Volga-Dnepr Airlines, a Russian all-cargo carrier, has asked the U.S. Department of Transportation (DOT) to authorize a domestic U.S. flight using its gigantic AN-124-100 cargo plane to transport an Atlas V rocket booster tank for a space mission.
According to the application filed this week, the 65,000-pound payload is too large to be accommodated by any U.S. commercial aircraft.
Volga-Dnepr has authority to operate between overseas locations and the U.S., but under U.S. aviation law foreign carriers are not permitted to make commercial flights within the country.
The Russian airline said its services are urgently needed to deliver the Atlas V fuel tank from Huntsville, Alabama, to NASA’s Shuttle Landing Facility in Titusville, Florida, or Cape Canaveral, Florida, in mid-May.
United Launch Alliance, a joint venture between Lockheed Martin and Boeing Co., manufactures the booster in Huntsville. It is on an urgent schedule to complete fabrication and launch schedules and due to the extreme size, fragility and high value of the rocket component it cannot be transported using surface transportation, according to the filing.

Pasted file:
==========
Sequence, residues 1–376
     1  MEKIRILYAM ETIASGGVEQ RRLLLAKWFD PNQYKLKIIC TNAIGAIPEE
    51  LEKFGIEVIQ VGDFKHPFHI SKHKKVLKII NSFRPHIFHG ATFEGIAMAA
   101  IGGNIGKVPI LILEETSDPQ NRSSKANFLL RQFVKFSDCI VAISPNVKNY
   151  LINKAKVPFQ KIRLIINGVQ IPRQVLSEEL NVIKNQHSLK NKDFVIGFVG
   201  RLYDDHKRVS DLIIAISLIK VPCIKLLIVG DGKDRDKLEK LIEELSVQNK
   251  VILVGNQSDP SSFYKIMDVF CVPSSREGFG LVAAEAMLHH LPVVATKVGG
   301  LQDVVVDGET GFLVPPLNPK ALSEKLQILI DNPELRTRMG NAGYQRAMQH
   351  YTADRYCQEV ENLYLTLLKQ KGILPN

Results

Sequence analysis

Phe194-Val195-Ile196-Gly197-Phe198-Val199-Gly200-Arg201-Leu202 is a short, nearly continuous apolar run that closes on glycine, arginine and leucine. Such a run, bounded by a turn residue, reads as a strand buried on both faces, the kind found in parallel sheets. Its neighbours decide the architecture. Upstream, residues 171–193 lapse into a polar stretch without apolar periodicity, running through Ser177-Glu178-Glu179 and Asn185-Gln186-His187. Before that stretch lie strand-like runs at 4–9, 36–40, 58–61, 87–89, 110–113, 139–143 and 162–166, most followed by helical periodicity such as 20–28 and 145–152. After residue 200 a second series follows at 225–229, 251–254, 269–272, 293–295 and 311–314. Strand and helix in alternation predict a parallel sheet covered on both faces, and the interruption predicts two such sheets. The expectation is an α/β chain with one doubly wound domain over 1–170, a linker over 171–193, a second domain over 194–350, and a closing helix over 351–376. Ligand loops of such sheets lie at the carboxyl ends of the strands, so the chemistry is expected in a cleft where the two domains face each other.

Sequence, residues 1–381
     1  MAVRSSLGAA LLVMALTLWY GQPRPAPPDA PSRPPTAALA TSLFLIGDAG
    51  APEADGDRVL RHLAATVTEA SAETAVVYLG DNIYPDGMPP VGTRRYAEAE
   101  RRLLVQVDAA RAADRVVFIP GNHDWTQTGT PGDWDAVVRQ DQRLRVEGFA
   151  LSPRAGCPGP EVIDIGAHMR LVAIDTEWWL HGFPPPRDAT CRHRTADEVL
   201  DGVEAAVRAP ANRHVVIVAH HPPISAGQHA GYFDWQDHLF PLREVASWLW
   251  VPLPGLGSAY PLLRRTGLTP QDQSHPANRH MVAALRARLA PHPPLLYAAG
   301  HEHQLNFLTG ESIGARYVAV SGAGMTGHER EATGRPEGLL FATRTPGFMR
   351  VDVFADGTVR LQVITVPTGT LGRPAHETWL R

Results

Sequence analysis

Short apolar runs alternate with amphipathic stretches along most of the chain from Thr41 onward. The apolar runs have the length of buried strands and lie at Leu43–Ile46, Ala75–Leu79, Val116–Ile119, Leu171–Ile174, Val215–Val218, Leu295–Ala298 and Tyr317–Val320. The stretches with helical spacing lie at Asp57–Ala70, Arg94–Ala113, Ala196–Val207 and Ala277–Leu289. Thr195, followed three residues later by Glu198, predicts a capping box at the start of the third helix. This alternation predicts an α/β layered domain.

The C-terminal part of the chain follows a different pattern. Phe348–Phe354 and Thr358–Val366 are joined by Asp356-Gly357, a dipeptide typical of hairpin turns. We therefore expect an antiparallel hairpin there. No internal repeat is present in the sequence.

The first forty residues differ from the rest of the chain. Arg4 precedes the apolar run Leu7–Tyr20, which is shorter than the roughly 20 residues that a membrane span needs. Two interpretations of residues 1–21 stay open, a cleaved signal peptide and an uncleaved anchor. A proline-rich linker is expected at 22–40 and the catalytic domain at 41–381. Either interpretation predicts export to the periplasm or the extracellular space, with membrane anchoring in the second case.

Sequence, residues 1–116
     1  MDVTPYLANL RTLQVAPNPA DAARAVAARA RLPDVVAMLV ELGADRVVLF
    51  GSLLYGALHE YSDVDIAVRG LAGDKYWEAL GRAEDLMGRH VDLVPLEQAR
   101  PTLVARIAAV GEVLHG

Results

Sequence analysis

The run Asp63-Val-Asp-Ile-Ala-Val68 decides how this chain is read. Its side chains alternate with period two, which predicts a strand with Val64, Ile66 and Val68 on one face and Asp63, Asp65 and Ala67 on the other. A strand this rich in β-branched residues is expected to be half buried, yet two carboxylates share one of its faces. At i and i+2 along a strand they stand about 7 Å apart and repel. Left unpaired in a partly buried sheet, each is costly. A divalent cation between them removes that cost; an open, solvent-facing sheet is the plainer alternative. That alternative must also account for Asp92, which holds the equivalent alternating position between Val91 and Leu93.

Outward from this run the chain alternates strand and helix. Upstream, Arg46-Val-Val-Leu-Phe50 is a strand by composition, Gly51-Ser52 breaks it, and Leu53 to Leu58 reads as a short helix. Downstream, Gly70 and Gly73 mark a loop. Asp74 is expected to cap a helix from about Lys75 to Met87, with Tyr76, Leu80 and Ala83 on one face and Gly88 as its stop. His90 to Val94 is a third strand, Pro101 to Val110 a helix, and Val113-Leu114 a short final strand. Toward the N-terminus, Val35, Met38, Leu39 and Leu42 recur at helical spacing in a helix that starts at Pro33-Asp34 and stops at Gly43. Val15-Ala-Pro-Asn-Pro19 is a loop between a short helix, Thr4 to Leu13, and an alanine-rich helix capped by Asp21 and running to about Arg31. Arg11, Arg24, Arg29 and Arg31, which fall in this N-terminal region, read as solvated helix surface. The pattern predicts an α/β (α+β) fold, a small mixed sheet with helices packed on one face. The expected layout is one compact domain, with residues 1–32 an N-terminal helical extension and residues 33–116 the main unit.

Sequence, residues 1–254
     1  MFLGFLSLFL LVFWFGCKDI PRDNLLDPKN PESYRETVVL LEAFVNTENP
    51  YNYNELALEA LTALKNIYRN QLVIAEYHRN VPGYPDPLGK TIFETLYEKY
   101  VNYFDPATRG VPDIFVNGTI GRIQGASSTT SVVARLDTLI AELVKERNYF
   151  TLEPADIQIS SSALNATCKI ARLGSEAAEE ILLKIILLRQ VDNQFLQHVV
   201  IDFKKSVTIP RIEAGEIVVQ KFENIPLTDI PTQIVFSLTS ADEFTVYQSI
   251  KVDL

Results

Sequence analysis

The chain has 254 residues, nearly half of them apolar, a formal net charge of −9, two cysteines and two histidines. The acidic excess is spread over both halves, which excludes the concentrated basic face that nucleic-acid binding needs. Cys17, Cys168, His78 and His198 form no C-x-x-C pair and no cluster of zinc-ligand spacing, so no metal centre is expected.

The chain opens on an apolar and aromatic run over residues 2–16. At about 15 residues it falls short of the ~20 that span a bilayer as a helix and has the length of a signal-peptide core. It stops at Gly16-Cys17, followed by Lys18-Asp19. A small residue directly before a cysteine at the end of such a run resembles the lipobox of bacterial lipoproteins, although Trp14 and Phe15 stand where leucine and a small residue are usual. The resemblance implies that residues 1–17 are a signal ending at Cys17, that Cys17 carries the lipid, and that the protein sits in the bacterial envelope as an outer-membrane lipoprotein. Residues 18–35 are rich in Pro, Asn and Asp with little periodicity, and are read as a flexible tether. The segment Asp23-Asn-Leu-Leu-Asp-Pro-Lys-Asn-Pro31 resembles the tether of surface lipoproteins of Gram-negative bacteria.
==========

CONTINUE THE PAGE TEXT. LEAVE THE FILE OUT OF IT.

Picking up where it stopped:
The Antonov 124-100 is one of the world’s largest civil cargo aircraft. With two loading entrances – front and back – it is capable of carrying outsize loads weighing up to 120 tons.
The DOT may authorize a foreign air carrier to operate domestically if it determines the exemption is in the public interest, that U.S. certified carriers can’t meet emergency circumstances and that all possible efforts have been made to find a U.S. carrier to do the job.
The DOT previously granted similar exemptions to Volga-Dnepr to transport rocket components for United Launch Alliance.
The Atlas V is an expendable launch vehicle used to place satellites in orbit. Customers include NASA, the U.S. military, weather agencies, and commercial customers. The Atlas V is also being used to power Boeing’s Starliner spacecraft, which is being developed to fly astronauts to the International Space Station.